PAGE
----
This research focuses on the influence of emotions and intentions on consumer negative word-of-mouth (WOM) communications when service failure occurred. The paper conducted four empirical studies to examine the relationship between emotions, intentions, personality trait and negative WOM communications. The results revealed that the disappointed customers were usually with altruism intention, and would with higher intention to help/warn others; whereas consumers with a higher level of anger had more revenge intention to engage in negative WOM after service failure....

  • A Study on Modes of the Servitization of Manufacturing

    By Pei-Ju Yu, Shin-Horng Chen and Pei-Chang Wen

    Published Dec. 2014

    With the trend towards blurred boundaries between manufacturing and services, the servitization of manufacturing (also known as industrial services, servicizing) has surged as an important thrust of transformation for a growing number of manufactures. The servitization of manufacturing may involve issues, such as strategic realignment at the corporate level, the rearrangement of intra-firm and inter-firm organizations and institutional relationships, capability-building, and new pricing and revenue models. This paper refers to the existing literature to propose three modes of the servitization...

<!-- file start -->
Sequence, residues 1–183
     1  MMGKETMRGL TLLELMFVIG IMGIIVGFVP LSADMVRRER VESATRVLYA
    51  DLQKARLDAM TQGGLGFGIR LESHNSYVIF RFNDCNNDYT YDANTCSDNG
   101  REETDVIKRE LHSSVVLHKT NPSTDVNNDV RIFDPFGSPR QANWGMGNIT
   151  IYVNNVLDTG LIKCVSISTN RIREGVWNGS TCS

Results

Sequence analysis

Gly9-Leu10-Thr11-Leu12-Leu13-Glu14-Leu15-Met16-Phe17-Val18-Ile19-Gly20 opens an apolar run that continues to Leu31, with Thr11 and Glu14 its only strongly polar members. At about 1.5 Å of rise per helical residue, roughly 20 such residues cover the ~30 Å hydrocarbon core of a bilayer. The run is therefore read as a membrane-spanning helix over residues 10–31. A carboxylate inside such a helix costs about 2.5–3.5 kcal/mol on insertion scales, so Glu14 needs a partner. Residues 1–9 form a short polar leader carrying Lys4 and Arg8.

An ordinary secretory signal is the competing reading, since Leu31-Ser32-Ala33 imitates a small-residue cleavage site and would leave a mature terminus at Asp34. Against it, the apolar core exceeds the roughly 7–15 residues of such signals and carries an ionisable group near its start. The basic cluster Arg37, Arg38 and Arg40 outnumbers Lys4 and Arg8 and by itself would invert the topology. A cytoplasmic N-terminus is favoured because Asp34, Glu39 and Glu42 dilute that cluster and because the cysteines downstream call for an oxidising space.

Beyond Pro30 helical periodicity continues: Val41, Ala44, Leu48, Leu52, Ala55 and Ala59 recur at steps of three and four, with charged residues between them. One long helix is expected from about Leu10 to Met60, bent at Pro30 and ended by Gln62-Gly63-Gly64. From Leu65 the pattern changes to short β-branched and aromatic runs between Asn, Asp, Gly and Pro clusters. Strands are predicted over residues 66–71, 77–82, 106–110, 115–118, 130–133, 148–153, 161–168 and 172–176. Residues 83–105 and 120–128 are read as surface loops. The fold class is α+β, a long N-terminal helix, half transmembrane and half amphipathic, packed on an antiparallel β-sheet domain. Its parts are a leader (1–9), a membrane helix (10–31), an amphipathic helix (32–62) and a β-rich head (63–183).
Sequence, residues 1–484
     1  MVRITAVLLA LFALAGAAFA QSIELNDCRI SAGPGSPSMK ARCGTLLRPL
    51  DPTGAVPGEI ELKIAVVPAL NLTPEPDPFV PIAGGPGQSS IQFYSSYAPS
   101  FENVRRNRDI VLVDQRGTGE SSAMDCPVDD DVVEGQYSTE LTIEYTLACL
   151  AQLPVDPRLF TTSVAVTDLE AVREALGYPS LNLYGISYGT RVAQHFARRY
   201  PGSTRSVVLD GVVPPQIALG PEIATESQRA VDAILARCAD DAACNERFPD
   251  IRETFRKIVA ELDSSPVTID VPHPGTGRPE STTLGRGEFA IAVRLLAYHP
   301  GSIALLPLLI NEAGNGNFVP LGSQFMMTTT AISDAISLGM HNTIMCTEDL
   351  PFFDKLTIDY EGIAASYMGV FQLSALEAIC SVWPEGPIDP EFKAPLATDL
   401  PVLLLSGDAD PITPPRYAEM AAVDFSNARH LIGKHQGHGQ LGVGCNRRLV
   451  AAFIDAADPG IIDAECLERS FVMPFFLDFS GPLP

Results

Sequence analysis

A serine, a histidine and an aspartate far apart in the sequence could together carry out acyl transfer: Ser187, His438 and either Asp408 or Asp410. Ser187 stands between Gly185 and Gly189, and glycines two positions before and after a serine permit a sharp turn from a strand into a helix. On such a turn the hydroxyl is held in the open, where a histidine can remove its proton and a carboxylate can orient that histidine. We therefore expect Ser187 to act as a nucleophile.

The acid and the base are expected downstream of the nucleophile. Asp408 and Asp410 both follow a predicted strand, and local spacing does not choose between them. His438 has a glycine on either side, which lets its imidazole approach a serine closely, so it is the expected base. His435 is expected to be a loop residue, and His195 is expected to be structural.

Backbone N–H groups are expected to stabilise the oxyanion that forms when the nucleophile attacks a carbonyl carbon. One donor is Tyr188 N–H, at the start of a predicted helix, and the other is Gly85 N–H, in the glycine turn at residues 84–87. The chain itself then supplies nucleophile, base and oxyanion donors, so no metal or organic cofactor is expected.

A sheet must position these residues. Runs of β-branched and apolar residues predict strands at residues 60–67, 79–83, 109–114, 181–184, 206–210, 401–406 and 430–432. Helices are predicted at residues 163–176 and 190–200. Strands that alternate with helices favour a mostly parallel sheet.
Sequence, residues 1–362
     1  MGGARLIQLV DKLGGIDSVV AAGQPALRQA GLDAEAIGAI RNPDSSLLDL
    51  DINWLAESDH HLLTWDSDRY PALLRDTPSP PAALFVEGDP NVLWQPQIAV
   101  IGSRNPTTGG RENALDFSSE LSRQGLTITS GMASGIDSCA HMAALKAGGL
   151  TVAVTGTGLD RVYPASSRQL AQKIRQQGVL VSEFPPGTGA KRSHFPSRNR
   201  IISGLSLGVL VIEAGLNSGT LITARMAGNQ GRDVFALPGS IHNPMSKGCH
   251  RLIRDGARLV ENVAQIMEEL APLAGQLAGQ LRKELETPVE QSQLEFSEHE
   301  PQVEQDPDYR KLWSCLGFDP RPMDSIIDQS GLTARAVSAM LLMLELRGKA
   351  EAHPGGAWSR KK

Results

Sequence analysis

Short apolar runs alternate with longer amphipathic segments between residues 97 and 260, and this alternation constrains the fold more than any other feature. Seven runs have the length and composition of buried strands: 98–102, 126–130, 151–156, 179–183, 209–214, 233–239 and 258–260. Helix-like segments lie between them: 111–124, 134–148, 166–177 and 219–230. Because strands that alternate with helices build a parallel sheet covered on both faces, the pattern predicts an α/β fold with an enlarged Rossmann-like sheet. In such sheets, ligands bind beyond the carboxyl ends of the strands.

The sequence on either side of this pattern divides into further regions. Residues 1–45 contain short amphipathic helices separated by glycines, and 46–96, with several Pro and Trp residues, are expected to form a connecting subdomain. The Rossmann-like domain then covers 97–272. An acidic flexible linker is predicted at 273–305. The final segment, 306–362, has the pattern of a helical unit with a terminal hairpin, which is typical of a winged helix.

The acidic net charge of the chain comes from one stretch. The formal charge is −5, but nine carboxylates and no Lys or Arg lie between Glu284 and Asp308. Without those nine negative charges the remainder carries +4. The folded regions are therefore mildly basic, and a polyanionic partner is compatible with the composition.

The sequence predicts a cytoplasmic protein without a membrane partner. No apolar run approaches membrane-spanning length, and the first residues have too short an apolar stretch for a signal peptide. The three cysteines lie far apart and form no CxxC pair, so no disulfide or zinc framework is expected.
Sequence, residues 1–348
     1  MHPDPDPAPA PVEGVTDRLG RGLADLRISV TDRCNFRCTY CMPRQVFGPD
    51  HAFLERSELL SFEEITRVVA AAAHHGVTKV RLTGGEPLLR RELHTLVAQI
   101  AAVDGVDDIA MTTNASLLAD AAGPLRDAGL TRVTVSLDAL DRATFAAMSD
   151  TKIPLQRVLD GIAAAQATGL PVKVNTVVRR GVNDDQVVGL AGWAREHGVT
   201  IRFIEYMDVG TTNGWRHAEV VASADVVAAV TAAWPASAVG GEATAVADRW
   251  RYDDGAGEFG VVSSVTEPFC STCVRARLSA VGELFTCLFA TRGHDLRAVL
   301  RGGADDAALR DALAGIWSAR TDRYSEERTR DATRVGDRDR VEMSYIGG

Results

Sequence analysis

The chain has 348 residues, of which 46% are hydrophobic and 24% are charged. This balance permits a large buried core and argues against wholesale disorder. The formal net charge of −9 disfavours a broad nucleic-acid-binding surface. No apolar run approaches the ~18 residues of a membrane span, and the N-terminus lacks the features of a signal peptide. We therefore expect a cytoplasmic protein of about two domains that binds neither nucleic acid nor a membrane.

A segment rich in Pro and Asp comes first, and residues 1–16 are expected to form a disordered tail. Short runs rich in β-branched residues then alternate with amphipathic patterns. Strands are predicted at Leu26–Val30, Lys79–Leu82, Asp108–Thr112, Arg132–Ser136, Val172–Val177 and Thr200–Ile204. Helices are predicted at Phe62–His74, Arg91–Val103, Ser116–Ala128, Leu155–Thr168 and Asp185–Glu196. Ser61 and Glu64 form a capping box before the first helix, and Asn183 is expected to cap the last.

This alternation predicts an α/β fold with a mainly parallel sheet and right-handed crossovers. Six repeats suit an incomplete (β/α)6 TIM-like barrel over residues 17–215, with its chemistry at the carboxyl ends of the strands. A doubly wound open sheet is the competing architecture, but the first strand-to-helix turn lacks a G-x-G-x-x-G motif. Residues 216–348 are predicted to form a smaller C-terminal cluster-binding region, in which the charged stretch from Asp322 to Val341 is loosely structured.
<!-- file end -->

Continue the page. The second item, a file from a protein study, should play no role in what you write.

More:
• The Influence Mechanisms of Transformational Leadership on Job Engagement: The Role of Psychological Capital and Service Climate

    By Shu-Ling Chen and Yen-Ju Huang

    Published Dec. 2014

    Drawing on the perspective of positive organizational behavior and positive organizational scholarship, we tested meso-mediating model linking transformational leadership and job engagement. Data collected involving 606 employees at 40 chained petro-stations in north Taiwan. Results of hierarchical linear modeling indicated that individual-level transformational leadership and team-level transformational leadership were positively related to employee job engagement, separately. Furthermore, at the individual level, indicated the relationship between individual-level transformational leadership...

  • Healthcare Service Design Planning Model for Service Innovation and Design: The Case of Tele-Health

    By Jiun-Yu Yu and Pei-Yi Cheng

    Published Dec. 2016

    This study focuses on the theme of healthcare service design. Based on the framework proposed by Goldstein, Johnston, Duffy, and Rao (2002), this study develops a comprehensive healthcare service design planning model. This model integrates various viewpoints to investigate the conceptual construction of service design and the corresponding implications on practical implementation. The full process from service strategy development to outcome measurement and feedback is discussed. The main features of this proposed model are as follows. First, it investigates the “what” and “how” of the health...